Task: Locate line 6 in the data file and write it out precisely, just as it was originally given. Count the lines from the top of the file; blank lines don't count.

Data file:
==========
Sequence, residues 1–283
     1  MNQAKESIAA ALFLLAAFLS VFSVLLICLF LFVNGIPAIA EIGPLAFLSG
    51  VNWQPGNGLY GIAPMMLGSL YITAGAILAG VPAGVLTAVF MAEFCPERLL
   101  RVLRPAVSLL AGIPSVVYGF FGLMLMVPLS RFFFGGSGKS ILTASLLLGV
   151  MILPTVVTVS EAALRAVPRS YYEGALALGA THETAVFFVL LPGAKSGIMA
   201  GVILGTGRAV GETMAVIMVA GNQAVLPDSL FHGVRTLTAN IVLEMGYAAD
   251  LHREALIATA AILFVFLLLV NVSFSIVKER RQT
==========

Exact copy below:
   201  GVILGTGRAV GETMAVIMVA GNQAVLPDSL FHGVRTLTAN IVLEMGYAAD